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Create Your Own Bullet Time Camera Rig With Raspberry Pi 88

Posted by timothy
from the price-elasticity-of-frippery dept.
sfcrazy writes "A team of extremely creative people have created a really inexpensive bullet time set-up using Raspberry Pis — and the whole set-up costs less than a professional DSLR camera. The rig looks more like the LHC at CERN using nearly half a kilometre of network cables, 48 Raspberry Pis fitted with cameras and PiFace Control. The rig worked perfectly — in terms of doing what a bullet time set-up should do. Raspberry Pis achieved the Hollywood's 'frozen time' effect at a much lesser cost."
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Create Your Own Bullet Time Camera Rig With Raspberry Pi

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  • by ebenupton (2424660) on Saturday December 07, 2013 @06:53AM (#45625637)

    If I were building this rig, I would have used the $40 Model A+camera bundle for a cost-per-node of ~$50 including a USB Ethernet adapter and an SD card per node and a decent PSU shared between four nodes.

    A bigger issue looking at the videos is the need to equalize the AGC setup (easy) and color temperature correction (harder) across the modules. Perhaps shoot RAW and then fix it with post-processing? This is where the CHDK alternative, with it's better optics and lower sensor variability, really wins out. Plus you'll have Christmas gifts for all your friends and family once you take the rig apart :)

  • by Anonymous Coward on Saturday December 07, 2013 @09:31AM (#45625991)

    Ok. I was one of the people building one of the first computer controlled multi camera rigs (http://www.reelefx.com/index.php?c=multicam.list) , so here's some background info to put this into context:

    Multiple cameras triggered to capture motion is older than the movies. Eadweard Muybridge did it.
    There were several people who built "one long strip of film with multiple simultaneous lenses and shutters" rigs in the 90s (one was a bunch of inexpensive cameras with the backs removed and a single long piece of film)

    The famous GAP "swing dance" commercial was done by convention rotoscoping/animation: they filmed from various angles, and built 3-d models and texturemapping/morphing.

    We did our camera rig for a commercial directed by Tony Kaye using Andre Agassiz, where he wanted the POV of the camera to track the tennis ball as it went down the court. And Tony Kaye didn't want to do it with visual effects (film the ball separately from the crowd, and composite it). So we built a rig with 100 cameras, carefully timed to fire as the ball went downcourt. Andre can hit the ball at the same speed every time without any problem, so it's just a matter of triggering the sequence by hand at the right time. Since they're standard 35mm film cameras with standard 36 exposure loads, you get 36 takes before you have to reload 100 cameras. Then, in post production you take frame 1 from camera A, frame 1 from camera B, etc.and string them together.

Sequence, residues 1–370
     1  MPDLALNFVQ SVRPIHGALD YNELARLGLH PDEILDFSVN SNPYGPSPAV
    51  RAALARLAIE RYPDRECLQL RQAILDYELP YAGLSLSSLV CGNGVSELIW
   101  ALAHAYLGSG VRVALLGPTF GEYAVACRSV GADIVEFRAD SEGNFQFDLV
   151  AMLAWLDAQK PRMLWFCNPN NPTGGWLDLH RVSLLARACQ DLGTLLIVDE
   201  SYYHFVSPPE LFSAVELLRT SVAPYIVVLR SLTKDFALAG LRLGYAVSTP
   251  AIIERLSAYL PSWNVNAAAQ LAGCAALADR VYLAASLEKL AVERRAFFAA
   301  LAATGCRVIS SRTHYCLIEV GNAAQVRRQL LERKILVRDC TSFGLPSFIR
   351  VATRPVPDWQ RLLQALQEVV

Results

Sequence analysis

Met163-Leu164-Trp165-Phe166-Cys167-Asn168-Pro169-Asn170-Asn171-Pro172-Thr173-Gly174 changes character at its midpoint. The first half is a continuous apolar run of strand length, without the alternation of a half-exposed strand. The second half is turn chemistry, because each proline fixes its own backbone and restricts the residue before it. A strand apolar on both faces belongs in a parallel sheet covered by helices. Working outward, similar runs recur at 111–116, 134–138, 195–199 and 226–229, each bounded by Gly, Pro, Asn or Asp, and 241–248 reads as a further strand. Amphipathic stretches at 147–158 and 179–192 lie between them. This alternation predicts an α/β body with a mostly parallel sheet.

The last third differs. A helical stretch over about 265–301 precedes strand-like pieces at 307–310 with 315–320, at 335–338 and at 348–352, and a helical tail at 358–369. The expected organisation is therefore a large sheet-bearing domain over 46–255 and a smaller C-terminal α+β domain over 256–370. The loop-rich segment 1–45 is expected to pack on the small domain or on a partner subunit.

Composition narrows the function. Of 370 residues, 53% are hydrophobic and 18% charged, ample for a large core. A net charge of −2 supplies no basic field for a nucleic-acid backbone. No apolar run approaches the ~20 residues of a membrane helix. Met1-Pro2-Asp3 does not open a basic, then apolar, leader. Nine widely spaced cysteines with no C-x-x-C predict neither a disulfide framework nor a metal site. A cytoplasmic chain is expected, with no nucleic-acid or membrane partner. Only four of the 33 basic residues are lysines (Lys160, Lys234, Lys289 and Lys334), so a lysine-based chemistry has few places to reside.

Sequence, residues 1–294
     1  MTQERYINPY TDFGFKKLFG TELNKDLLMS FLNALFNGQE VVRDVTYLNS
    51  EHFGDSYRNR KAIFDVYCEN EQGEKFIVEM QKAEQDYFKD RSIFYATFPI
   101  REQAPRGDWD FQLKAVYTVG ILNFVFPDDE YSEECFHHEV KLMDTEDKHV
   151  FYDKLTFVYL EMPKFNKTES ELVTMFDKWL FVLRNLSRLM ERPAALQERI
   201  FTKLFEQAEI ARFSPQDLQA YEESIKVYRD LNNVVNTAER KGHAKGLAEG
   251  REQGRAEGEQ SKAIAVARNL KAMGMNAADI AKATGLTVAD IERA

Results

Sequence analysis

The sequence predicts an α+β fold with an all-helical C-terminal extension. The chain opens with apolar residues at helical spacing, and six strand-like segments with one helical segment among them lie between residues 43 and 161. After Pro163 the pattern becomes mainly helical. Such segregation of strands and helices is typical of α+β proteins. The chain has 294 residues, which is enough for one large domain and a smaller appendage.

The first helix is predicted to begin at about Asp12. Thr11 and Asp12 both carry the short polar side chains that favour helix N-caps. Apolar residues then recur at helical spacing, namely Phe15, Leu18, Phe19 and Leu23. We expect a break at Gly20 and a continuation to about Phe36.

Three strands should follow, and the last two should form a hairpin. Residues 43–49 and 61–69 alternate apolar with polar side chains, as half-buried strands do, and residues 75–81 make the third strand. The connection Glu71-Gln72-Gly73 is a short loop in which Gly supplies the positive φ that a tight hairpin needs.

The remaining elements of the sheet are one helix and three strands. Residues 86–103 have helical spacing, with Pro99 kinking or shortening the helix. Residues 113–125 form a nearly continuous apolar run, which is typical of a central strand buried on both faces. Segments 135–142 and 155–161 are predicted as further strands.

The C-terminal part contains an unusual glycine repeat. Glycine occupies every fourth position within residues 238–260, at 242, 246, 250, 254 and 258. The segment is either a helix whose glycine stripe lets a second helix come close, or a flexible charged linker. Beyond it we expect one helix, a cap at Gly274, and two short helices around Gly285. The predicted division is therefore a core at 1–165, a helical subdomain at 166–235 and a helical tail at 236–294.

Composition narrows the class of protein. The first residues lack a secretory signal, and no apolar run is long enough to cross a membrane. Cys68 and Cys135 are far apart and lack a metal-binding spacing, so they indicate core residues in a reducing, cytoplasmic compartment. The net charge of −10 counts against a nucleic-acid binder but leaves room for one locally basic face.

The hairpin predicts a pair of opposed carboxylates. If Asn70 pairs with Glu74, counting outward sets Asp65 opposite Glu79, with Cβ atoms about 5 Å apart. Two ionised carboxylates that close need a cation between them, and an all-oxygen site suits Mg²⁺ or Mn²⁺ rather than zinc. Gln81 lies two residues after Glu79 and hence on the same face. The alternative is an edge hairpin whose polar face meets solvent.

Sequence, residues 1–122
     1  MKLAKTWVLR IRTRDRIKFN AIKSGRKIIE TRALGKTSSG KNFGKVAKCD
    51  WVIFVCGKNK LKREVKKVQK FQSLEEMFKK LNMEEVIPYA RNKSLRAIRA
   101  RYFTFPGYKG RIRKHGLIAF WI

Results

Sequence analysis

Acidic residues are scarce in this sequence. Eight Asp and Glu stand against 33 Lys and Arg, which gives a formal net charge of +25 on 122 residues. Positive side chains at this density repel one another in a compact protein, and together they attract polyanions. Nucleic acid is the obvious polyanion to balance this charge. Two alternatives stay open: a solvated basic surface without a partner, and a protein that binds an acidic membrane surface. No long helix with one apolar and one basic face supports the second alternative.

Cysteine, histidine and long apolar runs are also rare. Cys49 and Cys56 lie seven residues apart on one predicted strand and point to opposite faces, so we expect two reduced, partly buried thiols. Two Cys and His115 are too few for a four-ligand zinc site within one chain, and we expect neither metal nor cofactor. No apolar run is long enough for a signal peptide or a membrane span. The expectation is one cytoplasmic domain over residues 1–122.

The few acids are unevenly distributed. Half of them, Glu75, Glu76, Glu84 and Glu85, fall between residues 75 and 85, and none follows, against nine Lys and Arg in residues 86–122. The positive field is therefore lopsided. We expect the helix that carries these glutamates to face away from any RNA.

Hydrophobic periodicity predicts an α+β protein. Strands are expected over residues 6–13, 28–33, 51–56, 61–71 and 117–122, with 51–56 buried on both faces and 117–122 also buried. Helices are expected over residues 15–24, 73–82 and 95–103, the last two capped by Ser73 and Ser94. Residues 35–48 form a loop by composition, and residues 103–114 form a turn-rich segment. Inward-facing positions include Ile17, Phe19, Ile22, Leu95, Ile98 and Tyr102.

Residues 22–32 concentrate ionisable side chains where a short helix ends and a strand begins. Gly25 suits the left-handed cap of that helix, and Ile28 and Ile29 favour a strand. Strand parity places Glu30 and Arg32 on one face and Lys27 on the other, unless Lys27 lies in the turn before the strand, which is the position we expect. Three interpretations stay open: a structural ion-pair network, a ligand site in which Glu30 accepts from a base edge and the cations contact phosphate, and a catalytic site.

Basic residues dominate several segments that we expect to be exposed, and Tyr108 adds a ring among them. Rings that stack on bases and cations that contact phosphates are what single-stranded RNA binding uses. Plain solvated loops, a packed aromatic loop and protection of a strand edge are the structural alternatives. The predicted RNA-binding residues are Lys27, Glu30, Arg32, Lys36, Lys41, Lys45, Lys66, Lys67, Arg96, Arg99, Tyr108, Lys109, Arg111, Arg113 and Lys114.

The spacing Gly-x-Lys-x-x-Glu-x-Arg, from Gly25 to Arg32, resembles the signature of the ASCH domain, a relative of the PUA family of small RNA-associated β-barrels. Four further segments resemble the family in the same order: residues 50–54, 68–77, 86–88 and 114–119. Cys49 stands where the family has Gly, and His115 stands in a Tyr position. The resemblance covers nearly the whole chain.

The cameras were fired by a bunch of digital I/O cards in a rack mounted PC, and frankly, that was a nightmare. Miles(literally) of cables and connectors. Those Rpi folks learned that lesson too.
    There have been tons of commercials and movies that have used that rig and subsequent versions.
    There's really cool stuff you can do: fire the cameras at a varying rate to essentially create any motion profile you want; use cine cameras to allow intercutting motion frames with the still frames, etc.

    So here's what the RPi folks (or followers) will find:
    1) Cameras are not identical, particularly in terms of the color of the lens. Your eye automatically will compensate for an overall color cast, particularly on multiple pictures from the same camera, or when you get the film turned into prints, they adjust to grey or skin tones. But in real life, modern camera lenses made of plastic (which are high optical quality, and can be made aspheric, which helps) have slight color casts that vary from camera to camera, and when you start making composites of frames from multiple cameras, it's really obvious. So you have some post processing to do.
    2) Camera shutters have a lot of timing uncertainty. Back in the mechanical shutter days, we found that the microprocessor inside the camera (Canon EOS) had a polling loop looking at the shutter release button. A polling loop with 50 ms cycle time probably isn't noticeable to the casual user, but it's very noticeable when you're taking multiple shots of an object moving at constant speed. We wound up modifying cameras
    3) the optical geometry of the cameras is not consistent. So that adds another step in post production and calibration of all the cameras ahead of time.

    The big one is interconnections. The 100 parallel cables is a deployment nightmare, keeping track that camera 1 is plugged into cable 1, etc. For the second iteration, we built a microcontroller inside the camera to replace the original camera controller, and set up a daisy chain approach with individual ID numbers. Then the master just sends messages saying "camera N, you fire at time T1, T3, T4", and a master sync signal goes to all cameras. Lots less cable. Subsequently (I don't work there any more) they've gone to digital cameras, which is a post production godsend. Pulling 100 rolls of film and keeping them straight (you have to slate each camera individually, so the strips are identified), then scanning them for post, then doing all the corrections, and allowing for the inevitable "skipped" or "extra" frames was a nightmare.

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